|Food Policy, Devolution and Wales|
Page 1 of 8From the Welsh Food Alliance
Who we are?
WFA members have been active in championing devolved government in Wales from 1978.The Welsh Food Alliance (WFA) was formed in March 1999 to support the process of devolution and citizen engagement in the development of food policy across all aspects of government. It is self-financed by its volunteers. During this period we have responded to over 150 consultations, organised many free public consultations, including five Welsh Youth Food Assemblies at the National Assembly building and a hustings for political parties on food issues prior to each Welsh General Election. We have also undertaken three older people's food surveys involving over 800 people from the comfort of their own homes. Part 2 of our current UK survey underlines the need to engage with citizens, the private sector, non-devolved public and professional bodies across the UK in addressing growing malnutrition in an ageing society.
In principle we support the NAfW being given further primary law making powers on the basis that legislative decisions affecting Wales should be taken for and by the people of Wales. We are aware that the complexity of LCO's has constrained and delayed the Government making necessary legislation in Wales and that across a range of issues a good case can no doubt be made for extending primary law making powers. If possible, we would welcome an independent audit of what has been achieved as a necessary basis for commanding public confidence in any proposal to extend primary law making powers.
We have confined our evidence to specific food policy issues well known to us and on which we have worked consistently over the past ten years. We are therefore aware of the mistakes that have been made and of the non-use of devolved powers to bring about incremental changes in food policy to improve the health and wellbeing of the people of Wales. We attempt to demonstrate that the failure has not necessarily been the absence of legislative powers, but as Scotland reminds us, of how essential understanding, listening to the evidence and then political will is required to take positive action to realise the promise of devolution.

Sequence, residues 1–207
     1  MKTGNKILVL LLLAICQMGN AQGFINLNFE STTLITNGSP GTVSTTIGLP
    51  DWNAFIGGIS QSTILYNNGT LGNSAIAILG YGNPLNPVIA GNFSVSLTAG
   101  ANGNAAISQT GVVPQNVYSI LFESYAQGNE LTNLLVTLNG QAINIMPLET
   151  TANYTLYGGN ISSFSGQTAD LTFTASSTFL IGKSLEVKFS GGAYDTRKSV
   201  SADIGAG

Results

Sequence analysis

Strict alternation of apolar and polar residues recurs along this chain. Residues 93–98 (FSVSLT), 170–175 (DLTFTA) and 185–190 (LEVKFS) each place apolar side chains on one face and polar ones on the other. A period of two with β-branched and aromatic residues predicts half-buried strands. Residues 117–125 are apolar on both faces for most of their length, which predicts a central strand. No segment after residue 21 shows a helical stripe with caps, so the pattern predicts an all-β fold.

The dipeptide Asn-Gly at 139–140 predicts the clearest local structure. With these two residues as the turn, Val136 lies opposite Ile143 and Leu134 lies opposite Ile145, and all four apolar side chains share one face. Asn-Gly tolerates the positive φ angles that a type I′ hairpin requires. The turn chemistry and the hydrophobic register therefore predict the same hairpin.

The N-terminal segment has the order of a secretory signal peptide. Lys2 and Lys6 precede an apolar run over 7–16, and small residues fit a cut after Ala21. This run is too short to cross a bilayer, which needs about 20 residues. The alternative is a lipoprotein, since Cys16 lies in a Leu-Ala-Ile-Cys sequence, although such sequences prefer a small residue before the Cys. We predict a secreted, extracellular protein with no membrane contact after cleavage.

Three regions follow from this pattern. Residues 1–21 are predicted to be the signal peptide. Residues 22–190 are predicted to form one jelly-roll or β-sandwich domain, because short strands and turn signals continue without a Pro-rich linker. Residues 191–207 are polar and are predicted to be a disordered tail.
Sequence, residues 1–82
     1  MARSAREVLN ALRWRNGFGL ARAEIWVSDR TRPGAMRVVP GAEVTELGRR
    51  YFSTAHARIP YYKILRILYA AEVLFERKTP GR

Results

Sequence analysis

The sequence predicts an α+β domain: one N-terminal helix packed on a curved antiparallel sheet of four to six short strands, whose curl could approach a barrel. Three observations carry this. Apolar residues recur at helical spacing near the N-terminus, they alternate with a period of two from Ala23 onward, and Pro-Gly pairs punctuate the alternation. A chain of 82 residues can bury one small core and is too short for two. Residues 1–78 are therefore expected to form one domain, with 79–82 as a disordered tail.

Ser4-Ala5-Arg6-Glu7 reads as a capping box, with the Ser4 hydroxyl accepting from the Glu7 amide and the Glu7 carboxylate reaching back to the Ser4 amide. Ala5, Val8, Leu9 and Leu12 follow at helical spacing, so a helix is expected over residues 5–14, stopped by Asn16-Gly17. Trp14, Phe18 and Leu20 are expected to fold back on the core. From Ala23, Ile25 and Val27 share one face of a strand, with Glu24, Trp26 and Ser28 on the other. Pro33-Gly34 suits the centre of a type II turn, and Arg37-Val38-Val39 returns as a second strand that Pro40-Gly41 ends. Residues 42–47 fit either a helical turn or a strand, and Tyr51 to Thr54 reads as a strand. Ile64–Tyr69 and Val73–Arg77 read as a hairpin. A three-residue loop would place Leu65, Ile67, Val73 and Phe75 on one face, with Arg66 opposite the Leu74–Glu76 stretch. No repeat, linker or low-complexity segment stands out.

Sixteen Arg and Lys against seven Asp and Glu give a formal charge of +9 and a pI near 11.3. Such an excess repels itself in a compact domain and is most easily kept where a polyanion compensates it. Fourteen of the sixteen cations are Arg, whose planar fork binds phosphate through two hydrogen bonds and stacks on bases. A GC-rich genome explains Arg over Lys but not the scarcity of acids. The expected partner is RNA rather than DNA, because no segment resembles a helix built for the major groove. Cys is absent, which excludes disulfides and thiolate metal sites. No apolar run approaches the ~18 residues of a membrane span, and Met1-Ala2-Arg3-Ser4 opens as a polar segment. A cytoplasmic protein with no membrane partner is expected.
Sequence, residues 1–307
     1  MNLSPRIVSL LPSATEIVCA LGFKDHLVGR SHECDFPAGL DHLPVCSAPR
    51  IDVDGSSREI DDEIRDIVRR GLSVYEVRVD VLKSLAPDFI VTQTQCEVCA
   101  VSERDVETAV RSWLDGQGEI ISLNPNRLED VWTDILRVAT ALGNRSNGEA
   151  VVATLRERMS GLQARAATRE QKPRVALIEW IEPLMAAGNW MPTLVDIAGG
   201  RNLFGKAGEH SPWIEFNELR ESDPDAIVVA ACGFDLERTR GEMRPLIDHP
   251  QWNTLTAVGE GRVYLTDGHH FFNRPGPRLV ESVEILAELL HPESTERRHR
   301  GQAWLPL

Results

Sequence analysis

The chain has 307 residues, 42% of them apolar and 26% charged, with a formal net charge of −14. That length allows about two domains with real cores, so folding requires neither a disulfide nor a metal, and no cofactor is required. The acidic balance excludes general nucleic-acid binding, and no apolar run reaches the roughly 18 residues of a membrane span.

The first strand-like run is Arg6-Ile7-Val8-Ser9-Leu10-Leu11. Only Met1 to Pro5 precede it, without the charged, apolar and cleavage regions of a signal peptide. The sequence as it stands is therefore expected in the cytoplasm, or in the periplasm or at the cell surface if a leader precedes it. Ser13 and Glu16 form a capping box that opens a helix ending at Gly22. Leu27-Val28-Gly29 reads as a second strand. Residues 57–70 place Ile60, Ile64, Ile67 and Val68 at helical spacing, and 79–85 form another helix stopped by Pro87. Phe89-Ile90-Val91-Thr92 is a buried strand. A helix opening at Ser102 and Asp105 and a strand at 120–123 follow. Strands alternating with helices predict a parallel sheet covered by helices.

Our comments on the legislative process show how the current system should have been more attentive to well evidenced representations - and then using devolved powers already available. Our experience has been that it is often not more primary law making powers, but civil service capacity, the political will and understanding to achieve 'connectivity' between different aspects of government and partner organisations, and to take action for the common good. We comment as follows on:
(a) The National Curriculum - practical food education
(b) School meals and Inter-generational health inequalities
(c) School meals: legislation or political will?
(d) Capacity and UK wide issues
(e) Wales in its UK context
(f) Local Health, Social Care and Wellbeing strategy
(g) Food standards
(h) Contribution to public policy and devolution
(i) Wales Food and Health Policy Council
(j) The necessity of UK wide partnership working and collaboration
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